Mexico offers many exceptional destinations.
Yucatan Peninsula overlooking the Gulf of Mexico. One of its positives is that it not only offers tour opportunities and off-the-beaten-path explorations for visitors staying awhile, but also for cruise passengers just stopping for the day, who can get a good overview of the region.
The state brims with two UNESCO heritage sites, white sandy beaches, Mayan ruins surrounded by jungle, mangrove forests, an historic Spanish fort, cobblestone colonial streets lined with traditional shops, romantic restaurants and nightlife.
Its attractions located within a relatively small radius surrounding the port area offers options for a diverse range of shore excursions for cruisers short on time as well as for those staying longer.
The walled city of San Francisco de Campeche is Mexico’s only fortified city and was founded in 1517 by Spanish conquistadors.
Located on the Bay of Campeche, you can explore the city walls and fortifications built to protect it from pirates, or walk its charming and historic old town, a UNESCO World Heritage site.
Attractions include Our Lady of the Immaculate Conception Cathedral, a baroque building with neoclassic features designated a cathedral by Pope Leo XIII in 1895; the Land Gate used to enter the city walls; 59th street, offering a variety of shops and restaurants; and art and archaeological, architectural, cultural and naval museums.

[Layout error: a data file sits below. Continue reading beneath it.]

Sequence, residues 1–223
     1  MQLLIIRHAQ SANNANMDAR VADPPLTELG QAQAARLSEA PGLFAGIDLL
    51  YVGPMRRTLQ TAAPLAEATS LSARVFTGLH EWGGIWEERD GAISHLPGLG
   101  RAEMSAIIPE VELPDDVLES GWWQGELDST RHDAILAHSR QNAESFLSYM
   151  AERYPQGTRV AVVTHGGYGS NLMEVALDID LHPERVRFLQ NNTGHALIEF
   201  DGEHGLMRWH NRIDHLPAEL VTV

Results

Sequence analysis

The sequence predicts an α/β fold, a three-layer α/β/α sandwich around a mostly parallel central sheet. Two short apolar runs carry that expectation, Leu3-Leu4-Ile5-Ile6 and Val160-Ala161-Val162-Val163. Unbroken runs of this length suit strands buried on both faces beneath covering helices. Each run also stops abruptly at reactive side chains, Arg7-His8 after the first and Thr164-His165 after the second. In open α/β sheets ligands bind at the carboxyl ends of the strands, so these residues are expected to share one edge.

For golfers, nearby courses include Campeche Country Club’s 18-hole course and marina. Leisure travelers can take a dip with beach excursions here or at nearby Playa Bonita, Tucan Siho Beach, or Akbal Resort.
Food-lovers can experience a mix of Mayan, Spanish and Caribbean flavors in local cafes and restaurants throughout the region, with a tasting excursion an easy option.
The city’s surroundings also offer opportunities for discovery and exploration, including Edzna, the region’s most important archaeological site.
First settled around 600 BC and located in the state’s northern region, this Mayan city flourished during the Classic period and was once home to as many as 25,000 Maya.
For nature lovers and kayak enthusiasts, Campeche is home to Los Petenes, an ecological reserve of mangroves similar to Florida’s Everglades. The state also offers one of the largest protected areas in Mexico: Calakmul Biosphere Reserve, a mixed natural and cultural UNESCO World Heritage Site.
Home to the Mayan archaeological site of Calakmul and its massive pyramid and temple complex, visitors can also explore a variety of flora and fauna and spot jaguars, ocelots, pumas, spider monkeys, toucans and parrots.
Exploration and exhilarating adventure is also an option at Miguel Colorado, ideal for kayaking and trekking. where a zip line flies 260 feet over the site’s 820-feet wide water-filled sinkhole, called a cenote around here.
There are many beautiful cenotes in the area, with clear water to swim in.
Campeche offers compelling seasonal events and festivals: In February, the streets of Campeche – home to Mexico’s oldest Carnival — flow with feathers, sequins and color. May offers the city’s International Jazz Festival, when musicians from across the globe play in venues throughout town.
Day of the Dead in late October and early November mixes ancient and modern traditions. Visitors and locals alike revel in music, culture and other offerings during December’s Historic Quarter Festival.
With the seaport Sebaplaya nearby, transfers to the city of Campeche are fast and simple, allowing cruise passengers to get the most out of a visit.
Most tour options last 3 to 5 hours, packing in an array of sites, adventures and relaxing ops in the region. And if you are lucky enough to stay longer, even better!